Thursday, December 30, 2010
The PM-FM blow-up: Confrontation or mechanism?
Lieberman has served Netanyahu well by placing into the public debate cautions and concerns the prime minister himself doesn’t dare to utter.
When the Netanyahu government was formed, the Israeli media was filled with predictions of how long it would be before Foreign Minister Avigdor Lieberman would be forced to resign to face criminal charges and whether his departure would signal a coalition re-shuffling or a new government altogether. Just shy of two years later, Lieberman remains in his post Based on media references, the uninformed might believe he serves as Israel’s “controversial” rather than “foreign” minister. During his tenure, Lieberman has filled the role of lightning rod for international angst, espousing what his supporters see as common sense, diplo-speak-free solutions that his detractors see as racist and anti-peace. And while he has no shortage of critics, Lieberman has amassed a significant cadre of boosters along the way. Typical of the Lieberman-Netanyahu dialectic, when the prime minister speaks of the nation’s commitment to the US-brokered peace process, the foreign minister will assert the futility of the talks and disparage the legitimacy of Israel’s Palestinian negotiating partners. Some have suggested that far from presenting a dysfunctional point-counterpoint between prime minister and foreign minister, Lieberman has served the PM well by placing into the public debate cautions and concerns Netanyahu himself doesn’t dare to utter for fear of upsetting a delicate balance with his American patrons.
AGAINST THIS background, the recent blow-up between Netanyahu and Lieberman presents intriguing permutations.
It’s no-doubt irritating to the anti-Lieberman crowd that, like it or not, the Moldovan émigré offers plans rather than ad hominem attacks to back up his positions. This, of course, fuels speculation that his outbursts are more coordinated with the Prime Minster’s Office than is let on. While Lieberman is often tarred with the “racist” epithet for suggesting a transfer of population, successive Israeli-Palestinian negotiating teams have accepted in-principle the idea of several Israeli settlement-blocs remaining after any final agreement inside of territory Israel acquired in the 1967-war; and that compensation would be made to the Palestinians in an equal amount of territory now located inside of pre-1967 Israel. (A detailed rendering of the concept has been painstakingly created under former Ambassador Edward Djerjian’s watch at the James A. Baker III Institute at Rice University in Houston). An objective reading of Lieberman’s plan adds little more than to identify the subject land to be transferred as predominantly Israeli Arab (or Palestinian) communities.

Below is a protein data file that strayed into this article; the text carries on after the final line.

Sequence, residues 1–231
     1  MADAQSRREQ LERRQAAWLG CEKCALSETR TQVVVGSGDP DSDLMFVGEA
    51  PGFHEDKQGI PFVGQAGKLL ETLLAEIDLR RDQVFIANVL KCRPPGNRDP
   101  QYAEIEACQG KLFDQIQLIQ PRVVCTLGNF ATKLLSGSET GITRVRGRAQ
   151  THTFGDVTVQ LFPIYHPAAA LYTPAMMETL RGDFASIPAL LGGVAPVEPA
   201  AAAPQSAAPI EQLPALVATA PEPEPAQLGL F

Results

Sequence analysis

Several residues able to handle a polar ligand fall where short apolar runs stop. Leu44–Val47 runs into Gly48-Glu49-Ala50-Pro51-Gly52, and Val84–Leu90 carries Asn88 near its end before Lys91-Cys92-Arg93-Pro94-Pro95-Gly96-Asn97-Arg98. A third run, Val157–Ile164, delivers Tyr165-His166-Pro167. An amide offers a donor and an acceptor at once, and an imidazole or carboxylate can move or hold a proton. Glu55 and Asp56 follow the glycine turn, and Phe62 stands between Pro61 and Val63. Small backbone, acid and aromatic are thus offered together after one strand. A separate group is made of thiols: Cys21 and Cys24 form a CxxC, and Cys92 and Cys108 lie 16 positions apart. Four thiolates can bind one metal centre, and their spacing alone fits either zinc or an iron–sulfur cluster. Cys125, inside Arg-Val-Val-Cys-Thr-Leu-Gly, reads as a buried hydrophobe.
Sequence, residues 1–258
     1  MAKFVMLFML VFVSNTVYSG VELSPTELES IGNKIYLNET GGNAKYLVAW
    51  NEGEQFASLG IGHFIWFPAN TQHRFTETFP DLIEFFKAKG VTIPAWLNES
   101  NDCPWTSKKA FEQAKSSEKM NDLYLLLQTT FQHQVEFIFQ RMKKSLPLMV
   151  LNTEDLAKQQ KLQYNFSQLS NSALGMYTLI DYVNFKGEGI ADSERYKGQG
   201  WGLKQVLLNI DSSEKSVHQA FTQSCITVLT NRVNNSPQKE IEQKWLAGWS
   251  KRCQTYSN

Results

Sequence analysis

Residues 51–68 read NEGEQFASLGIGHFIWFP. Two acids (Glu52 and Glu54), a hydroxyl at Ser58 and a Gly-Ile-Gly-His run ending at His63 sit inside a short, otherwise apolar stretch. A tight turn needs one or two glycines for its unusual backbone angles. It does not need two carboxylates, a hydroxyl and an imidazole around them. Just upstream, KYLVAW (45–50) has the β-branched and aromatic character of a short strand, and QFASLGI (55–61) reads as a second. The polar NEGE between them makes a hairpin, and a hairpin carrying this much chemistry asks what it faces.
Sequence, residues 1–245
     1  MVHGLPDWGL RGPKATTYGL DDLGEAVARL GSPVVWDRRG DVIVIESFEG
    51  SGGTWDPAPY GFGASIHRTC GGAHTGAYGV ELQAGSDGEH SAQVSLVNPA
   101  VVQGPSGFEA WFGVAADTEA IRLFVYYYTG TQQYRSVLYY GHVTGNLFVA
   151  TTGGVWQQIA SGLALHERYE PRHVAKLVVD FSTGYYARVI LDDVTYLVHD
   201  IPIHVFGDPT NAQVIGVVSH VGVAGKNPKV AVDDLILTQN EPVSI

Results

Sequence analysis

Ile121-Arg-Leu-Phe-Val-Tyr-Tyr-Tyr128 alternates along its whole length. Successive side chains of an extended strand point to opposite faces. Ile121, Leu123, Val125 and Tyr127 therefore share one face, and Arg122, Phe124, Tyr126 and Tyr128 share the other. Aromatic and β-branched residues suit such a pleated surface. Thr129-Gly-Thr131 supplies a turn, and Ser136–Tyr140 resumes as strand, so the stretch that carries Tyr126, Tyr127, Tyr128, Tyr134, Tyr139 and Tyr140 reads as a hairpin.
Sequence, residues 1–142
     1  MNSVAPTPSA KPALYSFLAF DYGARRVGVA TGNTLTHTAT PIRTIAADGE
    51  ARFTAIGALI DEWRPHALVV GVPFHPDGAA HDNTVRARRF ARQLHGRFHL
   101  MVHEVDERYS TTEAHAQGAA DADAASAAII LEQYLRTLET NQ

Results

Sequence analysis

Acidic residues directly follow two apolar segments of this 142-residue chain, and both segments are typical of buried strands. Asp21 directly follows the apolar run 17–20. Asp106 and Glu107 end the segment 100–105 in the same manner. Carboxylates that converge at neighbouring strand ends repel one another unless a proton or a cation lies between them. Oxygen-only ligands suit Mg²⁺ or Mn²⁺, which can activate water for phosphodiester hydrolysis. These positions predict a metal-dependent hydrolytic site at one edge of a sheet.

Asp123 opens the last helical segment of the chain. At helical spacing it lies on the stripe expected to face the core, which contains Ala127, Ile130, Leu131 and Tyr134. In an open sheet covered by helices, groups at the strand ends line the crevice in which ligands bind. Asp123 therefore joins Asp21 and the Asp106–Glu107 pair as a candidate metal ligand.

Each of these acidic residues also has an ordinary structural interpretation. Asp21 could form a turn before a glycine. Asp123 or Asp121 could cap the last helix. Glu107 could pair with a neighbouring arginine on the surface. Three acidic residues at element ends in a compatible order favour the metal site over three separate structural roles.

The timing of Lieberman’s most recent outbursts is newfound nourishment for conspiracy theorists. They come amid a stagnant process that the American administration is desperately trying to paint with signs of life and direction. Having given up on the failed formula of cajoling (and even bribing) the parties back to the table, US interlocutors are struggling for believability and capability while the Palestinians’ ”Plan B” – turning to the international community for endorsement of statehood absent Israeli assent – is resonating beyond the expectations of many inside the world of international diplomacy.
What better time for Israel to put forth its own “Plan B” – and one that contains within it a mechanism to forestall a final agreement (which Lieberman says is “impossible” and Netanyahu arguably wants to postpone) – all while covering the points nearest and dearest to PA Prime Minister Salam Fayyad: turning over more security responsibility to the Palestinians; improving Palestinians’ freedom of movement; and setting the goal of economic parity between the West Bank and Israel as the trigger for eventual (and consensual) statehood.
After all, had Netanyahu offered the same suggestions, they would have been dismissed no less decisively than they are now but added to the downside would be incalculable collateral damage between Jerusalem and Washington.
Veteran Israeli political junkies will probably dismiss this entire thesis, opting instead to be entertained by predictions of the perfect political storm that will blow away the current government. But stripped of political theatre, what is laid bare could be a Rube Walker-esque system of injecting new ideas into an un-accepting culture of conventional wisdoms. And new ideas – regardless of how they enter the system – trump stagnation.
The writer is executive editor of The Media Line news agency (www.themedialine.org). He can be reached at firstname.lastname@example.org.